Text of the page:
the public network, and the other to a private network.

The public network is the network that the „QL „erver 2005 clients are attached, and this is how they

communicate to a clustered „QL „erver 2005 instance.

The private network is used solely for communications between the nodes of the cluster. It is used

mainly for what is called the heartbeat signal. In a cluster, the active node puts out a heartbeat signal,

which tells the other nodes in the cluster that it is working. „hould the heartbeat signal stop then a

passive node in the cluster becomes aware that the active node has failed, and that it should at this

time initiate a failover so that it can become the active node and take control over the „QL „erver

2005 instance.

One of the biggest mysteries of clustering is how do clients know when and how to switch

communicating from a failed cluster node to the now new active node? cnd the answer may be a

surprise. They don't. That's right; „QL „erver 2005 clients don't need to know anything about specific

nodes of a cluster (such as the NETBIO„ name or IP address of individual cluster nodes). This is

because each clustered „QL „erver 2005 instance is given a virtual name and IP address, which

clients use to connect to the cluster. In other words, clients don't connect to a node's specific name or

IP address, but instead connect to a virtual name and IP address that stays the same no matter what

node in a cluster is active.

When you create a cluster, one of the steps is to create a virtual cluster name and IP address. This

name and IP address is used by the active node to communicate with clients. „hould a failover occur,

then the new active node uses this same virtual name and IP address to communicate with clients.

This way, clients only need to know the virtual name or IP address of the clustered instance of „QL

„erver, and a failover between nodes doesn't change this. ct worst, when a failover occurs, there may

be an interruption of service from the client to the clustered „QL „erver 2005 instance, but once the

failover has occurred, the client can once again reconnect to the instance using the same virtual name

or IP address.

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While there can be many different causes of a failover, let's look at the case where the power stops for

the active node of a cluster and the passive node has to take over. This will provide a general

overview of how a failover occurs.

Let's assume that a single „QL „erver 2005 instance is running on the active node of a cluster, and

that a passive node is ready to take over when needed. ct this time, the active node is communicating

with both the database and the quorum on the shared array. Because only a single node at a time can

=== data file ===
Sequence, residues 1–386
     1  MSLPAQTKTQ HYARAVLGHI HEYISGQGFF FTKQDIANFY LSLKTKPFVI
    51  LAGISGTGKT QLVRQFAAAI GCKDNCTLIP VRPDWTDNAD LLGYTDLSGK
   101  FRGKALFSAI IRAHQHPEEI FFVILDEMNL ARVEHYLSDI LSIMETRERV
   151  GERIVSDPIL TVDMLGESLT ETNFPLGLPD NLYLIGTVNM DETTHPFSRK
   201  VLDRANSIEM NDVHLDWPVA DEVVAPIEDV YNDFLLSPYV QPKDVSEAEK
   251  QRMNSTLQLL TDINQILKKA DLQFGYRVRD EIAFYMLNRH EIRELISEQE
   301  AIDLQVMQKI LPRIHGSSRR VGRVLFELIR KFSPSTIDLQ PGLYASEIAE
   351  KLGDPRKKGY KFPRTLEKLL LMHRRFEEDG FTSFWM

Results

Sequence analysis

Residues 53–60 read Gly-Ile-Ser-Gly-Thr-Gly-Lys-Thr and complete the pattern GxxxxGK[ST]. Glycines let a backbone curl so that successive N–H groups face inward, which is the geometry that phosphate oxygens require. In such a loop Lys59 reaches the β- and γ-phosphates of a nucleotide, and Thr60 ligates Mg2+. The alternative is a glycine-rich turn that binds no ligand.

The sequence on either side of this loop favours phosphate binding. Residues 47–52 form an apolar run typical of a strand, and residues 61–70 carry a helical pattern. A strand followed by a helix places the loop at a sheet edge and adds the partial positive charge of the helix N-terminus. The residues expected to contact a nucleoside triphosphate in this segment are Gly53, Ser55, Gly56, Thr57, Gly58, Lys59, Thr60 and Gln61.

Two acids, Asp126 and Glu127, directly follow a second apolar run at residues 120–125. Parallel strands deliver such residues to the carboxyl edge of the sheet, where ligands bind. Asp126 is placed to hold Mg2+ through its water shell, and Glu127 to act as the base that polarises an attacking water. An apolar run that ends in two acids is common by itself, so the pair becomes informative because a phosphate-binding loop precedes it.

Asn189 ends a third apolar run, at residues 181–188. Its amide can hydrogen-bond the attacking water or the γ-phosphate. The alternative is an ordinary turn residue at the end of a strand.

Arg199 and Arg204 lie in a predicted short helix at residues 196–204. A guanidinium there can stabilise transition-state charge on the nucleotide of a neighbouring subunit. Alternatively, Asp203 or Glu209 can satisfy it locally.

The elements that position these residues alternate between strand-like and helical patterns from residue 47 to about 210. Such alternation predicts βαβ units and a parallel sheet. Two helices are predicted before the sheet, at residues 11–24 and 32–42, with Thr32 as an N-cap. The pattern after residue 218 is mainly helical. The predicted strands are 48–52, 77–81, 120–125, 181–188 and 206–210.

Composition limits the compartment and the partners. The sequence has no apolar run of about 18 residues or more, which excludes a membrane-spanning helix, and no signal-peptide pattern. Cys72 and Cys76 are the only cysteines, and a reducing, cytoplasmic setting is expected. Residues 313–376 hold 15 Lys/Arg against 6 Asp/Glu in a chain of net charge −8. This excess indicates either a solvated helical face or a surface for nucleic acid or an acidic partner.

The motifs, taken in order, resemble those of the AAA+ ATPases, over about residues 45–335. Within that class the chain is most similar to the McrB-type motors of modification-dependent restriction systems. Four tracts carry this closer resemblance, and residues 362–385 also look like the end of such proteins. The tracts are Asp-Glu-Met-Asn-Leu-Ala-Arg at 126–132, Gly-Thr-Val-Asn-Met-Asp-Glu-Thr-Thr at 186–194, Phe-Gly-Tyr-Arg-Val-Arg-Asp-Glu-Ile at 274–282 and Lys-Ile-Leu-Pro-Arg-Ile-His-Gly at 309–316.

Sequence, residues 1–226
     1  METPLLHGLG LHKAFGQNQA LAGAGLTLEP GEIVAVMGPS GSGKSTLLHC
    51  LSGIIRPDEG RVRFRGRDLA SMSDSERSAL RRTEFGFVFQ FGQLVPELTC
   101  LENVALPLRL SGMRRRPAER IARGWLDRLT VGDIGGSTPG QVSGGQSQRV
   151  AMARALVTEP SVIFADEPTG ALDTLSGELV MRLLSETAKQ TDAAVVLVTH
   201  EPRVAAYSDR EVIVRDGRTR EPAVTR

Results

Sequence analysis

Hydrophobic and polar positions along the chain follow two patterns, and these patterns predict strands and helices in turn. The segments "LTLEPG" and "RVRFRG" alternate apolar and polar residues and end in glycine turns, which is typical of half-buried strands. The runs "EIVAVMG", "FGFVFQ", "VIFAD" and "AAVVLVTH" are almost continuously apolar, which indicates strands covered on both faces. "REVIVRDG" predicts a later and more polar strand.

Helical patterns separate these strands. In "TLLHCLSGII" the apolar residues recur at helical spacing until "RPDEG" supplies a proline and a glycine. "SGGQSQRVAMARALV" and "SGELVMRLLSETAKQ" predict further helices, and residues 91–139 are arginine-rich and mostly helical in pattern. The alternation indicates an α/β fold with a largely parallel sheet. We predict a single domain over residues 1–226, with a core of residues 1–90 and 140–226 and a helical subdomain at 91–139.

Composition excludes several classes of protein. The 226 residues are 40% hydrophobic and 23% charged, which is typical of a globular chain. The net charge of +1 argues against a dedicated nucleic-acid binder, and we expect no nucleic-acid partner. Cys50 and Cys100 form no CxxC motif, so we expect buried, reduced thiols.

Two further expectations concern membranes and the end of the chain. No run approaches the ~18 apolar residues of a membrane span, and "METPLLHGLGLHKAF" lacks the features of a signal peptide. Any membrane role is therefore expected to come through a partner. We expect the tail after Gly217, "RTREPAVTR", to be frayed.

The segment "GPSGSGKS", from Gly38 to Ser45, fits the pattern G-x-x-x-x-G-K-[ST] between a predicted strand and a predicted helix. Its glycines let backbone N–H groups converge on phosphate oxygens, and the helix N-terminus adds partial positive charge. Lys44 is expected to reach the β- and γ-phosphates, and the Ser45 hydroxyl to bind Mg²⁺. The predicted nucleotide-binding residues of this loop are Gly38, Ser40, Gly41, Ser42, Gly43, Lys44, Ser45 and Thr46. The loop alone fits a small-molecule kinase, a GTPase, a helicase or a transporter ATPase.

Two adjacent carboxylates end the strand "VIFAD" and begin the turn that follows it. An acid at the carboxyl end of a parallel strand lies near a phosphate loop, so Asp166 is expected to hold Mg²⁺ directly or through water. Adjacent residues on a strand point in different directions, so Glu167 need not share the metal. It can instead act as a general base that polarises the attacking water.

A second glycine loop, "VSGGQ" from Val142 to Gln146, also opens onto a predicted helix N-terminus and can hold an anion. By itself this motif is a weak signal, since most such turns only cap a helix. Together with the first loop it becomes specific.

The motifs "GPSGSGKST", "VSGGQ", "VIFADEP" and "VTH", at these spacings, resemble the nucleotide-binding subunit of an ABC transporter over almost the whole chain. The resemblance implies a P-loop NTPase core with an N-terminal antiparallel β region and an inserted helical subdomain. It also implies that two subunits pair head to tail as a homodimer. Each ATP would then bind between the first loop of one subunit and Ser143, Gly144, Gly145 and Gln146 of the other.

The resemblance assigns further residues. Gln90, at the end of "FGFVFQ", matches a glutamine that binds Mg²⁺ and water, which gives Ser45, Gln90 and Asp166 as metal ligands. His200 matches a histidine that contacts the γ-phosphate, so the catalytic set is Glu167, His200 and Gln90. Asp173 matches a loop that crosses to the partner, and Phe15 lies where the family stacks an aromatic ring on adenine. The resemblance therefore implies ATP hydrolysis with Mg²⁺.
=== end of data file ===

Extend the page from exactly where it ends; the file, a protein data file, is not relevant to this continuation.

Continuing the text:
be communicating with the shared array, the passive node is not communicating with the database or

the quorum. In addition, the active node is sending out heartbeat signals over the private network,

and the passive node is monitoring them to see if they stop. Clients are also interacting with the active

node via the virtual name and IP address, running production transactions.

Now, for whatever reason, the active node stops working because it no longer is receiving any

electricity. The passive node, which is monitoring the heartbeats from the active node, now notices

that it is not receiving the heartbeat signal. cfter a predetermined delay, the passive node assumes

that the active node has failed and it initiates a failover. cs part of the failover process, the passive

node (now the active node) takes over control of the shared array and reads the quorum, looking for

any unsynchronized configuration changes. It also takes over control of the virtual server name and IP

address. In addition, as the node takes over the databases, it has to do a „QL „erver startup, using

the databases, just as if it is starting from a shutdown, going through a database recovery. The time

this takes depends on many factors, including the speed of the system and the number of transactions

that might have to be rolled forward or back during the database recovery process. Once the recovery

process is complete, the new active nodes announces itself on the network with the virtual name and

IP address, which allows the clients to reconnect and begin using the „QL „erver 2005 instance with

minimal interruption.


That's the big picture of how „QL „erver 2005 clustering works. If you are new to „QL „erver

clustering, it is important that you understand these basic concepts before you begin to drill down into
the detail. In later articles, I will discuss, in great detail, how to plan, build, and administer a „QL

„erver 2005 cluster.